NEC Upgrades: Andrew Selden responds to Progressive Railroading
In reference to the story in Progressive Railroading (“Amtrak’s Northeast Corridor upgrades hinge on overcoming political, funding challenges,” August 2013, by Angela Cotey, associate editor)
Dear Ms. Cotey,
I read with interest your story on the Northeast Corridor in the August issue of Progressive Railroading.
It fairly represented Amtrak’s long-running propaganda campaign to extract tens of billions of new taxpayer dollars to lavish on the NEC infrastructure, but did so without offering any critical analysis of Amtrak’s claims, or any opposing views or data. Even the views attributed to Mr. Schank from Eno Foundation offered no additional perspective.
It is what this story didn’t report that leaves the message highly misleading in terms of its public policy implications.
Among these omitted points, these stand out:
Amtrak has “invested” into its NEC fixed facilities something in excess of $40 billion in cost-free federal capital subsidies (cost free in the sense of a zero cost of capital, but not in the sense of opportunity cost associated with diverting that capital away from other, more productive, investment opportunities). As a consequence of that investment, Amtrak’s financial condition has not improved; instead, Amtrak’s annual losses on its audited financial statements have climbed steadily, suggesting rather plainly that Amtrak’s investments have produced a negative rate of return on capital. That is quite an accomplishment.
In return for the $40 billion, Amtrak has built a transportation facility that–according to published data of the US Bureau of Transportation Statistics–carries a market share IN THE NEC for intercity travel (non-recurring trips greater than 100 miles in distance) of less than 2% and probably 1 1/2% or less. Motorcycles produce more transportation (passenger miles) than does Amtrak, according to the BTS data.
Amtrak often touts its modal split between Washington, D.C. and the New York area, but that is a largely meaningless number. Let’s stipulate that Amtrak’s modal split against air carriers in any NEC submarket (e.g., Baltimore-Philadelphia) is 100%. So what? It is the carrier’s contribution to overall non-commuter mobility in its travelshed that matters, and on that measure Amtrak has wasted $40 billion to create an irrelevant service. Indeed, close analysis of Amtrak’s own “ridership” data show clearly that, outside of purely local traffic occurring between Philadelphia and New Haven, ALL of Amtrak’s other riders could easily be accomdated in existing air and road capacity in the NEC.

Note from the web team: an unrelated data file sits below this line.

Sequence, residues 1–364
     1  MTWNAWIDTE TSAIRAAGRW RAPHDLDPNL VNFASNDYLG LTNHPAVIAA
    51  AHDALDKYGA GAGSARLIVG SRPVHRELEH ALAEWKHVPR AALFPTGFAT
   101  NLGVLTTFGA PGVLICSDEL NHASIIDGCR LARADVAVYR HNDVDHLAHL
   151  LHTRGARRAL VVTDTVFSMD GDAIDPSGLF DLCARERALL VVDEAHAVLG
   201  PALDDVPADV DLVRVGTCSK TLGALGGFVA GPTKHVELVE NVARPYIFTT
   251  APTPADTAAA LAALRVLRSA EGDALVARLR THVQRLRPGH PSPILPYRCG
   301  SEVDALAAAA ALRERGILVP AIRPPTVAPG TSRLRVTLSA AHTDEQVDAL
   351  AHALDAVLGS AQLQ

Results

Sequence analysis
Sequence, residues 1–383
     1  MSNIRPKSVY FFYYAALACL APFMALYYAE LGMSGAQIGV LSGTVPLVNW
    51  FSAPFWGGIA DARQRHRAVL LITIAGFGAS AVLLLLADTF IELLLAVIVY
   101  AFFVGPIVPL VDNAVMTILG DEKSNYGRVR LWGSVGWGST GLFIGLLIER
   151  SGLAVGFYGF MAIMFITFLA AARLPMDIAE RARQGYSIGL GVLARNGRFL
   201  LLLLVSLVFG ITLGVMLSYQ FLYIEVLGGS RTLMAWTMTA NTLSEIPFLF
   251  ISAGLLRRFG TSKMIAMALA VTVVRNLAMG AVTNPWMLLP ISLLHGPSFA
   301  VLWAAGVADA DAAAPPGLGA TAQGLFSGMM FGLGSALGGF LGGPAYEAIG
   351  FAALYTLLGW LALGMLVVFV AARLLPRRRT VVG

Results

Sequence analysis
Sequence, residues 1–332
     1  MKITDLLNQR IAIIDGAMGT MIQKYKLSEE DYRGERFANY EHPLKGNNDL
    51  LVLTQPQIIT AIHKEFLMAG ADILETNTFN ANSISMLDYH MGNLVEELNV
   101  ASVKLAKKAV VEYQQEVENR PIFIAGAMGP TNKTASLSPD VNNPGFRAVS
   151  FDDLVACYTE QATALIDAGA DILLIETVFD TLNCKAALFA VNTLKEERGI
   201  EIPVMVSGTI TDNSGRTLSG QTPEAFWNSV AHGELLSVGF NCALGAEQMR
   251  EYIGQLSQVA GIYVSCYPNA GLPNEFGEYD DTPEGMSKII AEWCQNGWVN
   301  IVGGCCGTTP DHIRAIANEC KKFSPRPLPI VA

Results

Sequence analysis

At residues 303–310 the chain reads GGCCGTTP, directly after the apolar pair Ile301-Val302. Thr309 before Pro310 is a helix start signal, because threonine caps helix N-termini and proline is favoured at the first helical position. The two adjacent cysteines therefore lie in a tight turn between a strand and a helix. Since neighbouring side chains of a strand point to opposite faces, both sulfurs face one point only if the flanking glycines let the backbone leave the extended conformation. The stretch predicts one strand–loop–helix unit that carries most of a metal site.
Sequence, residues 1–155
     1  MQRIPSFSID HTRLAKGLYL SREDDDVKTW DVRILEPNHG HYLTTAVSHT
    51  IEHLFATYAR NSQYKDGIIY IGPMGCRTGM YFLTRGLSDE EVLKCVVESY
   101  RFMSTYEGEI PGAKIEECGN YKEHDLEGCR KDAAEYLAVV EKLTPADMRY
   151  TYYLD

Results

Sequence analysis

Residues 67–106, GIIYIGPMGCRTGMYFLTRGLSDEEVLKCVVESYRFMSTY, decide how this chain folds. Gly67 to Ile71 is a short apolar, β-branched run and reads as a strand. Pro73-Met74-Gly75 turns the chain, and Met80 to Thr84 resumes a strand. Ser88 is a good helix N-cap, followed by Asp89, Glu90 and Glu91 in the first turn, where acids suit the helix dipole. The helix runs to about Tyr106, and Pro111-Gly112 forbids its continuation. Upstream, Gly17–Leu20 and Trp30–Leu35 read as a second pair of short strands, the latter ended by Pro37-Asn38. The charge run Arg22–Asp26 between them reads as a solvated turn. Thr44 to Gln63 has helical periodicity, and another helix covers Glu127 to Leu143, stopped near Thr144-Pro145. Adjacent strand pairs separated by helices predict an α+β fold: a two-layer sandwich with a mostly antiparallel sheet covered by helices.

“Ridership” by the way measures only transaction volume, not output or the actual production or delivery of transportation. Amtrak touts it, but the number is also largely meaningless, because of point 3, below.
Amtrak trains today are not particularly crowded. Amtrak’s own published data indicate that its NEC load factors are steady at about 40%. The branch lines (Harrisburg and Springfield) are closer to 30% and Acela is slightly higher, closer to 50%. Amtrak cannot sell more than half (and on many trains, two-thirds) of its existing inventory. Under that circumstance, why does it make any sense at all, financially or otherwise, to invest anything to increase capacity?
But even these numbers overstate Amtrak’s actual traffic flows in the NEC, because they omit segmentation analysis. We know that Amtrak trains are consistently full or nearly so in the quasi-commuter territory between PHL, NYP and NHV. That being the case, as a matter of simple arithmetic it must follow that to get overall NEC load factors of less than 50% Amtrak’s trains have to be very lightly loaded outside of PHL-NYP-NHV. Again, given this fact, why does it make sense to put any new public money into a facility that has not only a sub-2% share but also grossly under-utilized trains now (despite the “investment” of the $40 billion)?
A load factor that is stuck in the 40% range (with a declining sub-2% share) is plain and unequivocal proof that Amtrak is already over-invested in its NEC facility.
The trends for Amtrak in the NEC are not favorable. That is to say, the dismal results obtained over four decades using a torrent of free federal capital have not improved. Amtrak’s financial losses have worsened steadily, and in fact increased even in the years following the introduction of the Acela service 13 years ago. If Acela worsened Amtrak’s financial results, why in the world does it make sense to be planning still grander HSR schemes?